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Boffins flip optics to make booster-free superfast fibre

Oz PhD student demos 1.8 Tbps, 800 Km link

Next gen security for virtualised datacentres

A group of researchers led by a Monash Univeristy PhD student has demonstrated an all-optical technique for dealing with nonlinearity – something that considerably boosts the throughput of an optical system.

The demonstration is important for two reasons. One is that fibre optic cables used to transport signals over long distances need occasional boosters. As you'll read below, this demonstration renders those unnecessary, a boon for network operators. The second is speed. At 1.8 Tbps on a single fibre path, this technology has the potential to upgrade even modest extant fibre systems (that typically have many such paths) to hundreds of terabits per second.

The technique that makes this all possible is mid-span spectral inversion (MSSI), and has been known since the 1990s. By inverting the spectrum of the optical signal – that is, changing the long wavelengths to short and vice-versa – MSSI adds a “pre-emphasis”, shaping the signal in such a way that non-linearities in the second half of the fibre “reverse” the effect of non-linearities in the first half.

In other words, by reversing the time order of the wave-front, the fibre's nonlinearity – which distorts what started out as a nice optical pulse – helps reconstruct the original pulse.

The downside is that this usually requires active electronics to be inserted into the path, which may not always be convenient.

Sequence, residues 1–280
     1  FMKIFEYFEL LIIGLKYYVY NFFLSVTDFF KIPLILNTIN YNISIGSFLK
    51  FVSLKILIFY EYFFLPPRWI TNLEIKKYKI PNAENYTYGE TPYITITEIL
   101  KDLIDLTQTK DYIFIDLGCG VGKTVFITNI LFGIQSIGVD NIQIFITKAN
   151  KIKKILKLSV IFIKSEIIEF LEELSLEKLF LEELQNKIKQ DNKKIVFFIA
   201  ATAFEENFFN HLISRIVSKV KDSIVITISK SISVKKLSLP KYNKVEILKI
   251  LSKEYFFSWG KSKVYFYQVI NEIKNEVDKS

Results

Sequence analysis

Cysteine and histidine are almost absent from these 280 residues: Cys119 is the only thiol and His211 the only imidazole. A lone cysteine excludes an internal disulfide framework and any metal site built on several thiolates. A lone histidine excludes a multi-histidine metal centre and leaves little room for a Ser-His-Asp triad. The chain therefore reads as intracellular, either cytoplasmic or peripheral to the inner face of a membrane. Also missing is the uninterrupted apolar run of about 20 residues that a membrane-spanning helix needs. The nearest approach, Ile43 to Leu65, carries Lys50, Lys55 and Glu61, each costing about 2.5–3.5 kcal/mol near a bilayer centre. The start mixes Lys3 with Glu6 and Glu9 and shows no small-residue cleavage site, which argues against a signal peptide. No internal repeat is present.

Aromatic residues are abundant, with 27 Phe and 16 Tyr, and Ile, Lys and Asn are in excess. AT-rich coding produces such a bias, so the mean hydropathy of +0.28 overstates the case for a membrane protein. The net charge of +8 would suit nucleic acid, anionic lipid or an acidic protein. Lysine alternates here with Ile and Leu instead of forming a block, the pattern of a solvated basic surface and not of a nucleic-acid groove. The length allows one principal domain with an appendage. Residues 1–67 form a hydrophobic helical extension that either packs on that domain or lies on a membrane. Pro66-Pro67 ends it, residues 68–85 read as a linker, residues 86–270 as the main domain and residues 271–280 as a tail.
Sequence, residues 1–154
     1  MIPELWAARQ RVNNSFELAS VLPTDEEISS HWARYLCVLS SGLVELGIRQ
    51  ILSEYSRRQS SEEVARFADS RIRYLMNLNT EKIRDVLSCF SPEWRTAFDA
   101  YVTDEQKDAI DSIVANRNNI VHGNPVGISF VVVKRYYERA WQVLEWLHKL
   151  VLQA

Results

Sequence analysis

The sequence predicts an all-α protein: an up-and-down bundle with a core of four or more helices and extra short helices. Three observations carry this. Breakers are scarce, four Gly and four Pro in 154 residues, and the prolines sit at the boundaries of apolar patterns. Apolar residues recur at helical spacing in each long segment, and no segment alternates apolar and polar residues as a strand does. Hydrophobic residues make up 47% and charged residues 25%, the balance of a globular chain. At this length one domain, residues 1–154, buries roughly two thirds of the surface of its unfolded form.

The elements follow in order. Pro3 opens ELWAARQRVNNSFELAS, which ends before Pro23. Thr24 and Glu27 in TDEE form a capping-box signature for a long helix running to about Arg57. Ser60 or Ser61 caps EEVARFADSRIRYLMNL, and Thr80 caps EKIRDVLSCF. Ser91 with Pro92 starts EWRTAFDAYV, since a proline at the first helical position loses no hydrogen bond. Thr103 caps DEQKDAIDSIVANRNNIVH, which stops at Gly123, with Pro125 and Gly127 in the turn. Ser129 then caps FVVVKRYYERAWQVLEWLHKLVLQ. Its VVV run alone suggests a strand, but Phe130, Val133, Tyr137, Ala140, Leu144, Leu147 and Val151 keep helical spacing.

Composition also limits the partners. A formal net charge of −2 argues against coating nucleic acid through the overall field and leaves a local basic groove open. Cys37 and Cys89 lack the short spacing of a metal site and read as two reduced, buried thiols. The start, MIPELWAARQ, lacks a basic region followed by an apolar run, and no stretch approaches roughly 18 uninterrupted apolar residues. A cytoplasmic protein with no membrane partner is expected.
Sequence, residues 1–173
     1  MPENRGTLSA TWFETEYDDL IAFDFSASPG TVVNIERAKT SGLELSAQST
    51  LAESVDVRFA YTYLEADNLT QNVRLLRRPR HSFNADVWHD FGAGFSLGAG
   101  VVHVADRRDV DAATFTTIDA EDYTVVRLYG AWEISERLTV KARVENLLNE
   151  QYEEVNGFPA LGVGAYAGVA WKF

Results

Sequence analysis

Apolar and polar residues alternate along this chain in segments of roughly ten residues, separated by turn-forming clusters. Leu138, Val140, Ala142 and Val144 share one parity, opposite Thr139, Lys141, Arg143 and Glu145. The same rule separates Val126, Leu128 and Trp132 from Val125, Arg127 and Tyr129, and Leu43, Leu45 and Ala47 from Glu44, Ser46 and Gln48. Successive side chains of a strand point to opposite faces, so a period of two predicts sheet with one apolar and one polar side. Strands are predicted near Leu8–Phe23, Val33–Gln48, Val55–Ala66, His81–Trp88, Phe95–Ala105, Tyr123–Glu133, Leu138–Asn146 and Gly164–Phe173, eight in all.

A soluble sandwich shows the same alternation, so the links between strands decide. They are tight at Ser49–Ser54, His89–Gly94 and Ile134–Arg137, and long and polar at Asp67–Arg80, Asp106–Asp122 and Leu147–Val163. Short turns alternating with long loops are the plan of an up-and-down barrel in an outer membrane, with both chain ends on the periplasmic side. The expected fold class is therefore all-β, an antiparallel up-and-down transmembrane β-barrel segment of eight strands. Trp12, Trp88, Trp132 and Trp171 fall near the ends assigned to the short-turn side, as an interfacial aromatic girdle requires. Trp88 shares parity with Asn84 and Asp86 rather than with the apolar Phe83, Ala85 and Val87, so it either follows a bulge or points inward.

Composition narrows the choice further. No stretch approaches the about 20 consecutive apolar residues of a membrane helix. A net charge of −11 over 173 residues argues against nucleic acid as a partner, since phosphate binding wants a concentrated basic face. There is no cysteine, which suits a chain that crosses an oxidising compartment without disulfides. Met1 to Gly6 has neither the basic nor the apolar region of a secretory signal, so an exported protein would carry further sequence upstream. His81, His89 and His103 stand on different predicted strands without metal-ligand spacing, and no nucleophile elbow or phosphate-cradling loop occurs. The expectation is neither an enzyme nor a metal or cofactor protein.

In his paper, Monash PhD student Monir Morshed, working with collaborators from CUDOS in Sydney and Melbourne, describes an all-optical MSSI implementation, eliminating the active electronics. Instead, an all-photonic optical phase conjugation unit (the bit that performs the inversion) was inserted at the midpoint of the total 800 km link.

Inverting the optical signal

By reversing the wavefront, the optical nonlinearities

that distort the signal help restore it

The paper, which was deemed important enough to be accepted as a post-deadline presentation at the recent Kyoto OptoElectronics and Communications Conference (OECC), states: “Using 1.21 Tbit/s through 10×80-km fibers with EDFA amplification we show that MSSI improves the nonlinear threshold by 2.8 dB”.

For an 800 km link on a single fibre, Monash University claims the technique offers more than ten times the capacity of current systems.

Because it's an all-optical approach, the key component – the optical phase conjugator – could be retrofitted to any suitable fibre. ®

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